a fishing man or a man who was fishing

Discussion in 'English Only' started by Garbuz, Dec 11, 2009.

  1. Garbuz Senior Member

    I asked a man who was fishing where Bobby Watson lived.

    Is it possible to say '... a fishing man'?
  2. Niblib Senior Member

    English - Australia
    A fishermen would work better.
  3. Bigote Blanco Senior Member

    Hello Garbuz,
    That is close, but it is not correct.

    You may ask a "fisherman"

    I asked a fisherman where Bobby Watson lived .

    A fisherman asked me where he could buy some worms.
  4. moonglade

    moonglade Member

    English - American
    "Fisherman" would change the meaning from a man who is fishing to a man who is known for fishing.

    "A fishing man" is technically correct, but is an uncommon arrangement.
  5. Bigote Blanco Senior Member

    "A fishy man" is also correct, but this does not fit the sentence either.:)
  6. Garbuz Senior Member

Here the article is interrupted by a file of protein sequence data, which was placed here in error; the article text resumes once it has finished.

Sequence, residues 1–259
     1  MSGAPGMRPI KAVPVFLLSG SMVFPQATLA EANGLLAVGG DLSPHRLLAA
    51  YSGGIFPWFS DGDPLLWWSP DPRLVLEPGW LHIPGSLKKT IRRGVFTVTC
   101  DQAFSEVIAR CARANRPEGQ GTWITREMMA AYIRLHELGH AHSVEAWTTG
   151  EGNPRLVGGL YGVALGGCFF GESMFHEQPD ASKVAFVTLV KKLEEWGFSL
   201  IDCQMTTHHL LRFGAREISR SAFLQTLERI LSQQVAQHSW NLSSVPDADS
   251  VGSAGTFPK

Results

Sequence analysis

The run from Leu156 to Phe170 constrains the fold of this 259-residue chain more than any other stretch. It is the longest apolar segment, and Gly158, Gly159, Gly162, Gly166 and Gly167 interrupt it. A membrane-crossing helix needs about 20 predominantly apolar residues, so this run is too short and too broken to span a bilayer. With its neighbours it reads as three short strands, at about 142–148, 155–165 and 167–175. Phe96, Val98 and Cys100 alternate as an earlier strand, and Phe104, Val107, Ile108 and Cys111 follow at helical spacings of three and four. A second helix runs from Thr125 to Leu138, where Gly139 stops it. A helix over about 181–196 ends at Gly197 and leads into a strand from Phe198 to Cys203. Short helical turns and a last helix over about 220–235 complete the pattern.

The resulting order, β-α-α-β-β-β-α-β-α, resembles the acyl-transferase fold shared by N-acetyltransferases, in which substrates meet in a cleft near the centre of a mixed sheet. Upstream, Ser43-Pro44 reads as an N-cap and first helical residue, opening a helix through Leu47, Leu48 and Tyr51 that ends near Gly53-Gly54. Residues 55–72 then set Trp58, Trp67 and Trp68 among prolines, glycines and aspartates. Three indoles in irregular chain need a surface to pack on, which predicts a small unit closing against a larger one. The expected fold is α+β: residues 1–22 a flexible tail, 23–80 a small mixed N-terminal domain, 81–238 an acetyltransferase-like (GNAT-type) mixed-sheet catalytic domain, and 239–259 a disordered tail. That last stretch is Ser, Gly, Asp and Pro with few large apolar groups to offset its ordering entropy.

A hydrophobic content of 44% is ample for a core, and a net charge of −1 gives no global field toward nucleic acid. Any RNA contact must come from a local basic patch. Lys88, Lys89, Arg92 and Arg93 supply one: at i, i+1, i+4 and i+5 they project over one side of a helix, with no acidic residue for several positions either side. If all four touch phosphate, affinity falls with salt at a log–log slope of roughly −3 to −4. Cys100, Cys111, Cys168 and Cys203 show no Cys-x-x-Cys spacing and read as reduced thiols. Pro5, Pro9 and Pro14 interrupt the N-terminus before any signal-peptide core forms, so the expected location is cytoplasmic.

So the best way is:

    I asked a man who was fishing where B.W. lived.


    It's just occurred to me. How about this:

    I asked a man fishing there where B.W. lived.
  7. moonglade

    moonglade Member

    English - American
    This would work if you had just explained where "there" was.
  8. Garbuz Senior Member

    Yes, I understand. I just thought if we give the participle some extention, the clause can be reduced.
  9. entangledbank

    entangledbank Senior Member

    English - South-East England
    For some reason the verb sounds very bad there. I would never say 'a fishing man'. Yet the structure is grammatically sound: a sleeping baby, a crying baby, a falling branch, a dying swan, a burning log. But we wouldn't talk about a :cross:skiing man, a :cross:playing child: my guess is that the disallowed ones are more or less organized human activities (compare playing with crying), but I can't see why that makes a grammatical difference.

    Note that in all these the noun is accented: a crying 'child, a burning 'log. If you use the gerundial noun (the name of activities such as skiing and fishing) you can use that noun as a modifier, but it gets the accent: a 'skiing instructor, a 'fishing expert. (A fishing expert is an expert on fishing, not an expert who is fishing.)
  10. Garbuz Senior Member

    Thank you very much, entangledbank. I guess, in that sense the combination 'a dancing girl' can be understood differently, depending on which word you stress.

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